Friday, November 27, 2020

Groban’s new album

Josh Groban is known for his incorporation of classical and pop genres in his vocally driven music. Unknowingly, I figured Josh Groban was either a Christian rock singer or an emerging foreign opera sensation.

At a closer listen, the album, “All That Echoes,” possesses characteristics of alternative rock, European pop, and opera. The lyrics could be seen as love ballads for a significant other or worship songs for Sunday morning.

Groban peaked in his fame with the cover of “You Raise Me Up” a decade ago. Over 125 covers have been made of this song, originally composed by a band called Secret Garden, and Groban’s cover is the most well known. If you remember the powerful uplifting confessions of “You Raise Me Up,” from the “Closer” album, you will get a sense of Groban’s emotion in his latest album.

His new album, “All That Echoes,” is different from his previous albums. His new work offers a mix of strong opera style lyrics in Italian and contemporary adult. The surprising mix provided a sophisticated vibe.

The addition of Italian to his predominately English album brought awkward detours in his album with “The Moon is a Harsh Mistress,” followed with “Un Alma Mas” in Italian. Another flaw in the album is the emergence of instrumentals that I would normally hear on a classic Disney movie soundtrack like “Lion King.”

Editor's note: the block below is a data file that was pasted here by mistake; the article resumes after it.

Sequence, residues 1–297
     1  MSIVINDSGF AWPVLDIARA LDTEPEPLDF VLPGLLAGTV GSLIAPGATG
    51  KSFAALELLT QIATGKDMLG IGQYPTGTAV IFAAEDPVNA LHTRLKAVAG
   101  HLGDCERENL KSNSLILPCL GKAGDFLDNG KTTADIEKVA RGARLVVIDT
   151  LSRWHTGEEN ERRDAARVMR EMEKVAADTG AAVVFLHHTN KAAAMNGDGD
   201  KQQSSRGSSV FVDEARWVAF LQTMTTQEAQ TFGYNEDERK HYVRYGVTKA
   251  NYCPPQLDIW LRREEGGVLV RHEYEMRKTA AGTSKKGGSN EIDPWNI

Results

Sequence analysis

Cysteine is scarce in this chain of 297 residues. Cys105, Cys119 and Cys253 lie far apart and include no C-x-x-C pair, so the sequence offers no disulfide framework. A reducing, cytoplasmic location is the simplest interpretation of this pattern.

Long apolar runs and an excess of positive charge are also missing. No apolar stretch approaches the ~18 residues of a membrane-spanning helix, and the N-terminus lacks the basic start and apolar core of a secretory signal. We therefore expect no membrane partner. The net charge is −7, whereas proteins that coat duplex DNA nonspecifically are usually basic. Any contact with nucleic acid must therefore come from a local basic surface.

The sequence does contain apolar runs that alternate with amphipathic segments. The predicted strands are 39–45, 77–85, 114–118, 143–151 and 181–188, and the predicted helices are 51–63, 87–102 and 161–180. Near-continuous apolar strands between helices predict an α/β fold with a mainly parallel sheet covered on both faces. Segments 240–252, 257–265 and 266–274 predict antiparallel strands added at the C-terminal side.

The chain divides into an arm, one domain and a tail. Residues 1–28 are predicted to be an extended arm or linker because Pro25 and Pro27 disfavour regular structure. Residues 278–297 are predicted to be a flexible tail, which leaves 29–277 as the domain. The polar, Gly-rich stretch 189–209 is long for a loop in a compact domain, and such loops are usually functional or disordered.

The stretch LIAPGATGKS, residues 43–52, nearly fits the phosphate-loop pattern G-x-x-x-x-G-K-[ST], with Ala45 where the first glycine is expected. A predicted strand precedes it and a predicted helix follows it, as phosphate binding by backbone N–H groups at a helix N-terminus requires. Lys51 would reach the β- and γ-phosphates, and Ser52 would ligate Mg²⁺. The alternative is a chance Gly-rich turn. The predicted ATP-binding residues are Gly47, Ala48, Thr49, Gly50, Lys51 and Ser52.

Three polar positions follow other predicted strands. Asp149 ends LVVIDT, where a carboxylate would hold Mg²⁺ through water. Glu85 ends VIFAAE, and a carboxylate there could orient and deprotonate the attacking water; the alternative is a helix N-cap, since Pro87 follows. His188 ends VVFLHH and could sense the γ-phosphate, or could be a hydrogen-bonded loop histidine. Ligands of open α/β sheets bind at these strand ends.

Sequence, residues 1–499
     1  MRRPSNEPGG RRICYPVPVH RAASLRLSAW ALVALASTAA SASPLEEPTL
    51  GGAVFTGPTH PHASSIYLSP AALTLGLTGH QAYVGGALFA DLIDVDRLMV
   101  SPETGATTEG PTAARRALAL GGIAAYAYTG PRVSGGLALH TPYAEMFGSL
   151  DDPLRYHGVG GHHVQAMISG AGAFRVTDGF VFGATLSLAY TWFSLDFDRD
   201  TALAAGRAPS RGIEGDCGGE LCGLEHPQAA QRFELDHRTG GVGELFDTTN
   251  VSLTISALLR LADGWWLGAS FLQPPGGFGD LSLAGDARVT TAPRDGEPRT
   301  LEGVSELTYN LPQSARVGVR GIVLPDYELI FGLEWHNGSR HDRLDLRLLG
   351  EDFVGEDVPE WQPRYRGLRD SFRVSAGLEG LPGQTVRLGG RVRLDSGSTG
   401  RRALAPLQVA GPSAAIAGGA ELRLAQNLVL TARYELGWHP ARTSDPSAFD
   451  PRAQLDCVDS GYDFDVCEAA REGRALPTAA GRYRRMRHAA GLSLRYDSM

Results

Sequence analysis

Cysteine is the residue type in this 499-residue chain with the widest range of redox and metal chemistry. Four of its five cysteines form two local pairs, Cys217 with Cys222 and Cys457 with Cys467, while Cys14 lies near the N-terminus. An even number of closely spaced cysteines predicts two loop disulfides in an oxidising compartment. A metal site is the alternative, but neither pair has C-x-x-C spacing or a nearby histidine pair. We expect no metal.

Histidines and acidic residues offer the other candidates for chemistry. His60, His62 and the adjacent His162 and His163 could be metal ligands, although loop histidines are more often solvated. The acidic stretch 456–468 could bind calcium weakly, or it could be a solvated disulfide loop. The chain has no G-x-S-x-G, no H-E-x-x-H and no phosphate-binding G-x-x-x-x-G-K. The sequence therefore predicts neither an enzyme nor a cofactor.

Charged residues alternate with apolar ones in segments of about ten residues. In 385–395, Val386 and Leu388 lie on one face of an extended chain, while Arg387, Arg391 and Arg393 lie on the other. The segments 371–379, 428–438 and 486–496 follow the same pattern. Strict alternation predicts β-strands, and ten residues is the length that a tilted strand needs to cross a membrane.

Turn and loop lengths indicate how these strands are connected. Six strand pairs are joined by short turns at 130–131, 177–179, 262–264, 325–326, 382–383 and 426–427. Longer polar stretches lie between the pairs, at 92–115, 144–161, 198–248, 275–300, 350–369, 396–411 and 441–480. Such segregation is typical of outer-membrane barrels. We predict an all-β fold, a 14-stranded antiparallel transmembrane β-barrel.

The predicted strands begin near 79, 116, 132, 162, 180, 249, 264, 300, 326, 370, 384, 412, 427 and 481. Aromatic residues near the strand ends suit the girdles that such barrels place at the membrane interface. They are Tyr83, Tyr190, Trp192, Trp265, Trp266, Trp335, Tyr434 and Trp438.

Also, the loud forceful nature of symphony, rock, pop and opera music made it overbearing to listen to the whole album in one setting.

The themes of his lyrics varies in the album. The opening song, “Brave,” offered motivational messages in lyrics like, “You will find the warmth when you surrender, Smile into the fear and let it play.” His lyrics don’t just inspire. They also describe beautiful scenery and romance. His sweet lyrics include, “I don’t know you, But I want you, All the more for that.” An example of his descriptive imagery was is in the song, “The Moon Is a Harsh Mistress”.

Fans won’t be disappointed with his new album. The consistent musical talent throughout kept me intrigued. All in all, I would recommend those with an interest in classic, contemporary vocal expressions to listen to “All That Echoes”.

jpoppel@unews.com

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